A particularly successful method for encapsulating the EPA and DHA and the globulins is by forming micelles in a water-in-oil emulsion, using a polymerizable surfactant such as acrylamide. The surfactant is polymerized in various ways, as by x-ray or gamma radiation. The particle sizes range from about 80 to about 300 nm. These particles are sufficiently small that the infant does not perceive their presence in the liquid formula, and there is no possibility of the capsules' interfering with liquid flow through the nipple.

Other methods of preparing microcapsules for use in the present invention include spray drying wherein the DHA and EPA are emulsified into a solution of a polymer, such as gum arabic, and spray-dried to make fine particles. Particles of 250 μm are ideal for inclusion in the infant formulas according to the present invention. When the EPA and DHA or the globulins are incorporated into a meltable fat or wax, the process is called spray-chilling, since the emulsion need only be chilled below its melting point to form particles.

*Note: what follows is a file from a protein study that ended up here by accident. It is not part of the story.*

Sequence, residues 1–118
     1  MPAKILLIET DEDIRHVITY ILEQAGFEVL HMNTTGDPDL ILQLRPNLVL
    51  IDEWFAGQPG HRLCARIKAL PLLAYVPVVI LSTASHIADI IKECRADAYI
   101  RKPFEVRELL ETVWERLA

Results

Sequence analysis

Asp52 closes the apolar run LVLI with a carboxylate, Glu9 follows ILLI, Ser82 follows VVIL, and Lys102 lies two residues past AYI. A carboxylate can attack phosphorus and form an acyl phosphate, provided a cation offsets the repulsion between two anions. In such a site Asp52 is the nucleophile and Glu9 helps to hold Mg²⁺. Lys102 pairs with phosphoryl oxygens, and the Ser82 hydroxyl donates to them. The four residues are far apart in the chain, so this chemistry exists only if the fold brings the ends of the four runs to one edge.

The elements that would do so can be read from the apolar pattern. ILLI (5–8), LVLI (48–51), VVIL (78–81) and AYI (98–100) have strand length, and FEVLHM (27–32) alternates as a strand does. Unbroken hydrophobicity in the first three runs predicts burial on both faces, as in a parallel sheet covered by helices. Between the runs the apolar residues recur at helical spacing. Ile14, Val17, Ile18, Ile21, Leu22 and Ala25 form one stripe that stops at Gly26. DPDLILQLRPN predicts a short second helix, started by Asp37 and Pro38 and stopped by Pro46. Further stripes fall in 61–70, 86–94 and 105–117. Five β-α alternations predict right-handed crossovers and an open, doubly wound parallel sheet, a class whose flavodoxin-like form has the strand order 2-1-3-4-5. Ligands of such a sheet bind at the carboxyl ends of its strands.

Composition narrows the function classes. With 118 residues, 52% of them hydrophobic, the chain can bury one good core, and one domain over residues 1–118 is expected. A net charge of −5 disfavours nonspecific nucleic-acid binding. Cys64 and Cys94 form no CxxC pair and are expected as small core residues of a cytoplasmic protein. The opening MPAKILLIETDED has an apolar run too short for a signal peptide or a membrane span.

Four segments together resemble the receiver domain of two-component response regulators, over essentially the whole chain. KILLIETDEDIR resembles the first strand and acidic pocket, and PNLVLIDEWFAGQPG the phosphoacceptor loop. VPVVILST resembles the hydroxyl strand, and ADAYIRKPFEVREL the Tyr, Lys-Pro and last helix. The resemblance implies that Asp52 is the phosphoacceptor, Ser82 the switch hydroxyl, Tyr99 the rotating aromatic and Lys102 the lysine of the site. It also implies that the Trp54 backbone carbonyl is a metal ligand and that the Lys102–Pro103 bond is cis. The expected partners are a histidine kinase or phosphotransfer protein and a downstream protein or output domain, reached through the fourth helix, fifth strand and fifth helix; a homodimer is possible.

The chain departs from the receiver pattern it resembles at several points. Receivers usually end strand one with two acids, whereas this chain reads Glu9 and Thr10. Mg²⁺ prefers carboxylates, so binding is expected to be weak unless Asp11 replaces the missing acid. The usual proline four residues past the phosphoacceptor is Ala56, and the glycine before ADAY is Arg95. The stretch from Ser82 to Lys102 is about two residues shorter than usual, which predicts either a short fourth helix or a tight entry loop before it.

Another encapsulation process that can be used to encapsulate the DHA and EPA as well as the globulins is by suspending the EPA and DHA in a solution of the wall material. The wall polymer is then induced to separate as a liquid phase. By adding a nonsolvent for the polymer, decreasing the temperature, or by adding a phase inducer, another polymer that has higher solubility in the solvent. In the latter case, incompatibility between the two polymers causes the first polymer to separate as another phase. When the wall polymer separates as a polymer-rich liquid, this phase is called a coacervate and the process is called coacervation. As the coacervate forms, it must wet the suspended core particle and coalesce into a continuous coating. The final step is the hardening and isolation go the microcapsules.